Sunday, March 7, 2021

Slow Stitching on Lake Effect

 I bring the same stuff every Sunday; what can I say? I really do slow stitch on Lake Effect.

This photo shows a very good view of the basting stitches (in dark thread) that form the vine I am appliqueing. The method is known as "back-basting" and affords the most success I have ever had with applique.

Looking at the back of the panel, one can see that the design has been traced out. I used my big dining room window as a makeshift lightbox. Then I cut my vine fabric the same size as the panel (yes, there will be waste). I layered the two fabrics together, the vine fabric right side up on the back of the tracing. Then I used big stitches and dark thread to stitch along the design of the vine. Where you no longer see dark stitches, I have appliqued the design, so my light-colored stitches are visible.

So, back basting = baste the design on the back, turn it over to applique from the front.

It is easier than any other method of applique I have ever attempted. The trick is to cut away just 8 or 10 stitches of basting at a time - just enough to give your needle room to work the folding-under process.

The best teacher of this method, in my opinion, is Jeana Kimball. I found her on Instagram, and she did a few videos awhile back that were incredibly helpful. Maybe you can dig them up if you are interested in learning the method.

Have a great day, friends! And have a productive week! 

I am linking with all the stitchers over at Kathy's Quilts for her weekly Slow Sunday Stitching party. Her motto for the day: "Relieving Stress One Stitch at a Time."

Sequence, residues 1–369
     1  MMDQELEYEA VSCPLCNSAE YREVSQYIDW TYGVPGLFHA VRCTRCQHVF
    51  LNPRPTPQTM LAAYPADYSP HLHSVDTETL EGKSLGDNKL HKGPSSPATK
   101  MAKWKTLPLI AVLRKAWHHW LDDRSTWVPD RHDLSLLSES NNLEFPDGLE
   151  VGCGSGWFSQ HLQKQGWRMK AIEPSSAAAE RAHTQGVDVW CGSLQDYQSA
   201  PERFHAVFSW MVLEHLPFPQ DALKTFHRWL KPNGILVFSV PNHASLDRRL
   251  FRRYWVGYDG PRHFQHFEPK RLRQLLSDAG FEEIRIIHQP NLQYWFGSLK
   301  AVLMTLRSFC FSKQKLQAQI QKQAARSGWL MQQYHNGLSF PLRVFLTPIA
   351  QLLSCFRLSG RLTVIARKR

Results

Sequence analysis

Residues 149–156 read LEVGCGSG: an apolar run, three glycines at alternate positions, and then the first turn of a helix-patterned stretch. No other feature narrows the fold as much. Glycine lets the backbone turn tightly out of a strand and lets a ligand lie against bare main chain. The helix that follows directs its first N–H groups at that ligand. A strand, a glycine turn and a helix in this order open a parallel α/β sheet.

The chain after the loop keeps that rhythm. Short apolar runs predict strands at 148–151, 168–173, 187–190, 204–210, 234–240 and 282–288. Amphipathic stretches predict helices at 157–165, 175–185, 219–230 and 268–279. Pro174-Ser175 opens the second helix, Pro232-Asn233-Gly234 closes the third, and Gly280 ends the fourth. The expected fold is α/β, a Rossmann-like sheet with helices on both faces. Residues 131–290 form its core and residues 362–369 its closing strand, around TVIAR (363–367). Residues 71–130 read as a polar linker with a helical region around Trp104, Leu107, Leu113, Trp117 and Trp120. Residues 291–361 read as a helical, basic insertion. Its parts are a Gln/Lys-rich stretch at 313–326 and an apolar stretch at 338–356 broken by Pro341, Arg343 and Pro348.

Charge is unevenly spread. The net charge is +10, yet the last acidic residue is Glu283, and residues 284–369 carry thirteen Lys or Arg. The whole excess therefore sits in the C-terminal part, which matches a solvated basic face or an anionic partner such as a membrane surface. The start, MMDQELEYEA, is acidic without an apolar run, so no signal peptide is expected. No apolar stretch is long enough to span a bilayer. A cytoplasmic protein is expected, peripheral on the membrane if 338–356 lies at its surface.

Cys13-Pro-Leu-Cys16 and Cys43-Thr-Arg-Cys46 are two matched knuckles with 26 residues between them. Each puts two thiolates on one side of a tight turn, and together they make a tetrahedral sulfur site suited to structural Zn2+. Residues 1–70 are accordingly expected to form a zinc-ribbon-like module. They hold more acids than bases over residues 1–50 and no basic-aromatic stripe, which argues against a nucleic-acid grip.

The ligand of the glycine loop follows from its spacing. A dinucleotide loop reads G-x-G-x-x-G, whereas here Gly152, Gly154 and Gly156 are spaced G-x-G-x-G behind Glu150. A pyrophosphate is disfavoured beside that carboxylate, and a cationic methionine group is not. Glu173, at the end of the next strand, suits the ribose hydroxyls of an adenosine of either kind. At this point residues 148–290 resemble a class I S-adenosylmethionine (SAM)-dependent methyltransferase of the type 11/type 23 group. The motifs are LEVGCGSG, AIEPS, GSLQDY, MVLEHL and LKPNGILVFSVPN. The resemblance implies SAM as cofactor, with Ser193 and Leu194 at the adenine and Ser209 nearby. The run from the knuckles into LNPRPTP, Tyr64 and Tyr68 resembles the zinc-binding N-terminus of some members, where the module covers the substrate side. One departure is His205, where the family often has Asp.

Happy Quilting, Friends!



  1. Slow and steady wins the race! Pretty!

  2. Your stitching is always lovely to look at. Thank you for the link. I must look at it.

  3. I have never heard of back basting before but I am so intrigued. I love the applique and do a lot of needleturn applique. I am definitely going to research this . Thank you for sharing. I have learned something new. Happy quilting.

  4. I agree, back basting is the best way for applique. So what if your applique is slow, that's fine. Every stitch is one more closer to the finish. Applique is supposed to be fun, happy stitching!

  5. I saw Jeanna Kimball show this method years ago on Simply Quilts and it was a revelation to me. I have never enjoyed appliqué very much, but this method really helped my attitude. I still prefer piecing, but I CAN appliqué if I have to. Plus, I love the work of Jeanna! Carol in Texas

  6. Thanks for sharing these photos and explanation of back basting. You've mentioned the method before but I never understood exactly how to do it. Thanks for the links too :-)


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